|Dear Sam, I have a question about Microsoft licensing that I am hoping you can provide an answer to. The definition of a Qualified Device in Microsoft’s current Enterprise Agreement states that a Qualified Device means:|
If an organization-owned device such as an iPad is authenticated to the corporate network and is accessing Microsoft Office Professional Plus 2013 as a Published Application via Remote Desktop Services (Citrix or Terminal Services for example), is the device a Qualified Device? The reason I ask is that Microsoft does not define the term “Virtual Desktop Infrastructure” in its EA contracts.
Whilst most of us would consider VDI to mean a virtual operating system environment running on server infrastructure (i.e. a Virtual Machine that contains a desktop operating system), which is not the case when accessing a published application, I am not certain whether or not Microsoft’s use of the term VDI is intended to also cover access to server based desktop application software, even if that software is not running in an actual virtual machine. I appreciate that regardless of whether the device is a qualified device or not that it still requires an Office Professional Plus 2013 licence, but I am trying to determine whether or not it is considered to be a qualified device as per the contractual terms of the EA. If you can share your thoughts that would be much appreciated.
On behalf of all confused licensing professionals.
PLEASE NOTE: This answer has been updated to reflect additional feedback I’ve received. Thanks to the folks in the Microsoft Licensing Professionals network Group for your considered and professionally delivered feedback!
Interestingly, I was having a discussion with a product manager from a software development organization recently that touched on these subjects – and I’ll say for the record, that it’s not just software licensing professionals who are confused. There are a huge number of variants when working with software licensing in virtual environments and I could probably write a book about this topic, but let’s focus on your question of an organization owned iPad. You may, or may not realize it, but you actually asked two questions – one is, “can the iPad be considered a qualifying device”. The other is what licenses do I need to be able to utilize Microsoft Professional Plus 2013 from a Citrix server legally.
Let’s start with the summary of the answer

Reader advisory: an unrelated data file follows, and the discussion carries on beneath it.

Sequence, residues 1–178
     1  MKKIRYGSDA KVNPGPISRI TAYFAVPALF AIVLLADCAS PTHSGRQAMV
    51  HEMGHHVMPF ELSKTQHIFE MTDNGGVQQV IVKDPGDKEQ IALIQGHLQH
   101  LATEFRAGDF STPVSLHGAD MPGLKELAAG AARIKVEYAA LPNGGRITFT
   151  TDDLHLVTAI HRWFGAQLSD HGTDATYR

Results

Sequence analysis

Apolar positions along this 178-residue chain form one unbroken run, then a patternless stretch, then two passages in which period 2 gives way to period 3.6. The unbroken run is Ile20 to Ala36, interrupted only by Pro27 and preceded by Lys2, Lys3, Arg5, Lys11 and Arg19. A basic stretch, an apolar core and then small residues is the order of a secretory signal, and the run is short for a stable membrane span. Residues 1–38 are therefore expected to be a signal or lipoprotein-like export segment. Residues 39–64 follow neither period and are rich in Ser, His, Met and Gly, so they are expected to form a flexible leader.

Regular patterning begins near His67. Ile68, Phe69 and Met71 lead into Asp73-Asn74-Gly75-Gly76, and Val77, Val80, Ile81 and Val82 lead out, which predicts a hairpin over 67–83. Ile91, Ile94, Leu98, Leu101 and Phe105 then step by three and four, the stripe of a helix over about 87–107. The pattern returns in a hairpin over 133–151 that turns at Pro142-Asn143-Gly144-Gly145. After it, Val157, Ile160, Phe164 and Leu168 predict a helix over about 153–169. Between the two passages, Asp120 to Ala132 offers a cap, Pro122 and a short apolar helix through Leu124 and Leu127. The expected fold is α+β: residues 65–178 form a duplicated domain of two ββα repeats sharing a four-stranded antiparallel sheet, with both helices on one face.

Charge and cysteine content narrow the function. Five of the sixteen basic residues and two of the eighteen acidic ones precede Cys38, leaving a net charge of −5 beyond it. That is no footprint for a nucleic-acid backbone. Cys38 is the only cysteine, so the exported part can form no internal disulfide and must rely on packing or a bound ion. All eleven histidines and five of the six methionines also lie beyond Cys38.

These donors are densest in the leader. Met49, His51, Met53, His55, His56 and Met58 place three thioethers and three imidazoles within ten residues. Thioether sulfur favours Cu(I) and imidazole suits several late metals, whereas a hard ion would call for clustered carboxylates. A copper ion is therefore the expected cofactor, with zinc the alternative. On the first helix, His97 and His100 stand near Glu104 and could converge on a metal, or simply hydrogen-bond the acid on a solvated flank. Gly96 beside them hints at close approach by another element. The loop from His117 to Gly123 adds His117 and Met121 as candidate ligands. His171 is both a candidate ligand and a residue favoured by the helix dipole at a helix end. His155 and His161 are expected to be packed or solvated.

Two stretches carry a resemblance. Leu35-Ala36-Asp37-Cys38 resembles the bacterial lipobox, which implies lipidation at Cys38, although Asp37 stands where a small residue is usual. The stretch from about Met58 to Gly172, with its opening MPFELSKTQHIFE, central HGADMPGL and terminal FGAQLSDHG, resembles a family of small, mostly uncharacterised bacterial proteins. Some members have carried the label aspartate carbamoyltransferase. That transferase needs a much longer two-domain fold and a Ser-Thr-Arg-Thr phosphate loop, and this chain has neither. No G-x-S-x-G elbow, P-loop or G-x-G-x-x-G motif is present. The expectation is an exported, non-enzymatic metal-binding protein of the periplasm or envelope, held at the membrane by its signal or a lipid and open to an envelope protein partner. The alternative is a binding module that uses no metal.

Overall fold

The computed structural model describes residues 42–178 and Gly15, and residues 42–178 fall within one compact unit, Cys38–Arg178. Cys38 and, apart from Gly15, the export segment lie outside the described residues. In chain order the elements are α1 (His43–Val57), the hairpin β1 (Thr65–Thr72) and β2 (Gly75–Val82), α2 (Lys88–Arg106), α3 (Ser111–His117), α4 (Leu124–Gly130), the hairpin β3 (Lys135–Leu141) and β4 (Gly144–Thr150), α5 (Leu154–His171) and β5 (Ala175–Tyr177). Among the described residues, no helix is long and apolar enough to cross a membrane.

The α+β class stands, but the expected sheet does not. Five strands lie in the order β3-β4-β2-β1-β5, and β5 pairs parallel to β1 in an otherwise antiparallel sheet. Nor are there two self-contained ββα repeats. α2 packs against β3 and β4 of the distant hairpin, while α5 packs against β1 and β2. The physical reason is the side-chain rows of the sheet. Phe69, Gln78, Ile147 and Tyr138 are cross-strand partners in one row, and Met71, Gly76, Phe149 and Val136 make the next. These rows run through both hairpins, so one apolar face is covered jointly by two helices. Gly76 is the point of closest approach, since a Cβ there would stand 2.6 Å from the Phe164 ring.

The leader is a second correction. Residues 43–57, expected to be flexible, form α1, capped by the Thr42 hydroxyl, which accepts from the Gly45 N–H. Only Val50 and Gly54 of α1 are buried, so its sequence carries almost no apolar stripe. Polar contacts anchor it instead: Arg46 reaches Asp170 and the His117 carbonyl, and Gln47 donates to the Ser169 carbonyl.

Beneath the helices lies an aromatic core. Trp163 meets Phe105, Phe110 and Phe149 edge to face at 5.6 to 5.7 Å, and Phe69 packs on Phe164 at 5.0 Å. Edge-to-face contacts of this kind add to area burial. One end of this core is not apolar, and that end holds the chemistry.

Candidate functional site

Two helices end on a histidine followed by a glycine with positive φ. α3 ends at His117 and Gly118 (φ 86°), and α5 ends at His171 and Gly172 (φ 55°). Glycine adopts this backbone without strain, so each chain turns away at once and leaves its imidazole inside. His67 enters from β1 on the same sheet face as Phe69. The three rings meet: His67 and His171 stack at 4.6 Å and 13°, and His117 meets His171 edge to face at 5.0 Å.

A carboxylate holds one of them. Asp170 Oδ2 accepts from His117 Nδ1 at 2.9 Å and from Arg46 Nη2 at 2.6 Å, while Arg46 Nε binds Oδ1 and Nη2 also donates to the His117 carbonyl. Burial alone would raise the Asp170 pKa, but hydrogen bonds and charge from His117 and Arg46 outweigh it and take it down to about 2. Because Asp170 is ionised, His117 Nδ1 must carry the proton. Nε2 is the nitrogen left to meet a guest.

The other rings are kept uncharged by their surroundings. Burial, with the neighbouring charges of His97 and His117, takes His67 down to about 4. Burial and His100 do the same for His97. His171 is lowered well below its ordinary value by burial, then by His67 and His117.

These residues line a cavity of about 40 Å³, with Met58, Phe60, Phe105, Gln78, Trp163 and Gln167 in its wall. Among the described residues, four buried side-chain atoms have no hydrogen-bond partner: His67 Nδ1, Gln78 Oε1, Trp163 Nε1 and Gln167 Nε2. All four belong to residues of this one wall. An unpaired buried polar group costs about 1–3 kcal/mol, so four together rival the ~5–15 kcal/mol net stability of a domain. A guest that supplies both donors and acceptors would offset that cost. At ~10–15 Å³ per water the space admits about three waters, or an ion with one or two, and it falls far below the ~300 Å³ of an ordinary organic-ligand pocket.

Wrapping up the answer into a bite sized response…
- No, the iPad is not considered a qualifying device based on the fact that it cannot run an instance of Windows Professional locally and it is not accessing a VDI environment (at least based on the way the question is worded).
- To license an iPad to utilize a Microsoft Office Professional Plus 2013 application published by a virtualized Citrix server, you need:
- Connection to the Server – RDS CAL – either user or device
- A license for the correct version and edition of Office
You can, if you wish, designate the device as a qualified device, but that would likely only be done if you are targeting certain licensing price breaks.
I will insert a caveat here – you mention, a “Citrix” server, but you do not mention which one, nor how it will be used. Since you reference remote desktop services, presumably you would be referencing something like the Citrix XenApp solution – for the above to be true, you must not be using a full virtual desktop infrastructure (which Citrix also provides).
There is an exceptional Microsoft JumpStart video on this topic that I recommend people watch. You can find the video here – http://www.microsoftvirtualacademy.com/training-courses/using-microsoft-vdi-to-enable-new-workstyles-jump-start. If you sign up for the Microsoft Virtual Academy (free signup), you can also download the slides and take the assessment to test your knowledge. There are also a number of licensing guides available from Microsoft to help understand these issues. They don’t address your scenario exactly, but you can find additional information to reference information should you need.